Christopher Hitchens wrote:Perhaps as a result of this kind of insecurity, Mensa gatherings are noted for two recurrent themes—the making of puns and the forming of viciously opposed factions. Mensa members “love puns,” said Gabriel Werba, a former director of development for Mensa America, “and I happen to believe the worse a pun the better it is. Outside of Mensa you don’t have that appreciation.”
Puns are the lowest form of verbal facility.
Similarly on his "Guide to the Arts" podcast with Stephen Merchant and Karl Pilkington, Ricky Gervais said of Shakespeare:
Ricky Gervais wrote:Some say maybe the greatest literary genius in history. I'm not a fan. And I'll tell you why I'm not a fan. One reason and one reason only. Nothing to do with the structure, his themes...fantastic. The pun. Oh, I can't stand the pun.
I suppose it's the people that have taken on the pun. It just reminds me of a bloke with a beard and a pipe at a party doing puns. You know. And it's things like, in Shakespeare, like "I'll take their maidenheads" and you have to look at your Brodie's Notes to go "okay, cut off their heads and take their virginity. Oh, brilliant". You can't explain a joke in retrospect, you don't laugh if it's then explained to you.
He goes on to call the pun "the lowest form of wit", and gives examples, such as a sign saying "keep off the grass" in a highly self-satisfied reference to cannabis use.
Similarly, using "quibble" in the sense of "pun", voracious lexicographer Samuel Johnson expressed his quibbles with Shakespeare:
Samuel Johnson wrote:A quibble is to Shakespeare what luminous vapours are to the traveller! He follows it to all adventures; it is sure to lead him out of his way, sure to engulf him in the mire. It has some malignant power over his mind, and its fascinations are irresistible.
Is any of this fair to Shakespeare? In the Taming of the Shrew, Hortensio and Lucento argue while tuning a violin:
William Shakespeare wrote:HORTENSIO (as LITIO): Madam, ’tis now in tune.
LUCENTIO (as CAMBIO): All but the base.
HORTENSIO (as LITIO): The base is right; ’tis the base knave that jars.
At the time I enjoyed this for its wit and frivolity, but in retrospect, it does seem like the situation was tortuously building to the pun all along. And it does seem like something a boring smug uncle (not necessarily your own) would say at a dinner party, doesn't it? Can we judge Shakespeare by the standards of stamp collectors and wine tasters, or is it wrong to let them annex his shrewd device?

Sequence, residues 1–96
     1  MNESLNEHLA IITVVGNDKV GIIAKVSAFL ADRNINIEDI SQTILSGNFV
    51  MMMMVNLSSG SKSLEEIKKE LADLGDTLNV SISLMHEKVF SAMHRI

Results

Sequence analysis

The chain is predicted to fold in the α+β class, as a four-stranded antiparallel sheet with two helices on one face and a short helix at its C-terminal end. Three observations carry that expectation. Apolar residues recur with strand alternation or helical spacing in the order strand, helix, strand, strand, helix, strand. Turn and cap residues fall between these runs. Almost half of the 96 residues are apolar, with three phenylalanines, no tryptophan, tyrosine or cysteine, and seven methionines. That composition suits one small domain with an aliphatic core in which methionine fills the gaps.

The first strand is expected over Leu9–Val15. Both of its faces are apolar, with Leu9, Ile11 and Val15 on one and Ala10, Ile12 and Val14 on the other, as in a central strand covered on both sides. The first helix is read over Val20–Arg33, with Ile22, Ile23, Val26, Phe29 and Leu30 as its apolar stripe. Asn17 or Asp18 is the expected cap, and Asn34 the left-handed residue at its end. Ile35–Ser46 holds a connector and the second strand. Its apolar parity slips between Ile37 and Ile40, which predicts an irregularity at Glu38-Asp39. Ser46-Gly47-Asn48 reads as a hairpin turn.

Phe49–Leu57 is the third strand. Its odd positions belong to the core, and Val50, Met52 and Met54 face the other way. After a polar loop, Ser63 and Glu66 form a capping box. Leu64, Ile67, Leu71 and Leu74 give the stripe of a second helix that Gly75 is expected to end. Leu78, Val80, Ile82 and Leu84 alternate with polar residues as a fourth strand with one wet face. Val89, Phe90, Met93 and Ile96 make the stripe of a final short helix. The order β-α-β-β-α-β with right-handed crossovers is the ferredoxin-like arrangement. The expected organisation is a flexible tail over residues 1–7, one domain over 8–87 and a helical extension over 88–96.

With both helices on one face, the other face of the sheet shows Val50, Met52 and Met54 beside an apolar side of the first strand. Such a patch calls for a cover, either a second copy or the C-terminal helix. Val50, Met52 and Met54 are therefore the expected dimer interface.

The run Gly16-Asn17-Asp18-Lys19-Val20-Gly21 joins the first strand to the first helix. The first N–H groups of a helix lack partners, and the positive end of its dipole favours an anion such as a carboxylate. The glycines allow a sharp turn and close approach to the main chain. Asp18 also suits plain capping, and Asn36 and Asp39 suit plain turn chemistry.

Curiously, two of Hitchens's (and my) favourite novelists, Nabokov and Joyce, were avid for the pun. The sinister narrator of Lolita, Humbert Humbert, mulls on the slight linguistic difference between "therapist" and "the rapist" and wonders if the moral difference is equally slight. Not one of the book's comedic high points, but there's no reason why puns can't be in the service of something other than humour. Joyce's whole career descended (or ascended, or transcended) into a complex web of puns, culminating with the brilliant and barely readable Finnegan's Wake. More curiously still, Hitchens deployed the technique himself. Startled to find it was his turn to be at the podium in a debate, he said "If I can't be erect I can at least be upright". In the question-and-answer segment of a lecture he gave at Politics and Prose on atheism, a rambling interrogator asked him repeatedly if he was a (metaphysical) materialist, in between apologising for not having read Hitchens's book closely enough to glean the answer for himself. Hitchens replied "As long as you got a receipt I don't care. Yes, I am a materialist. Believe me."
The pun has other high profile defenders. Alfred Hitchcock (Ha! Cock!) remarked "Puns are the highest form of literature." Some of my favourite lyrics are puns. Gym Class Heroes sang "Baby girl's a queen. But a queen's just a pawn with a bunch of fancy moves". The Beautiful South adeptly combine pun with metaphor in "How Long's a Tear Take to Dry": the guilty male lover sings "You're so sweet", to which his unimpressed and unforgiving other half replies "The flowers smell sweeter, the closer you are to the grave".
So are puns good or bad form? Does it depend on the individual pun? What distinguishes a good pun from a bad one? Laughing stock from badinage? Perhaps a homophone depends on the speaker? Fit to be barred, or fit for a bard?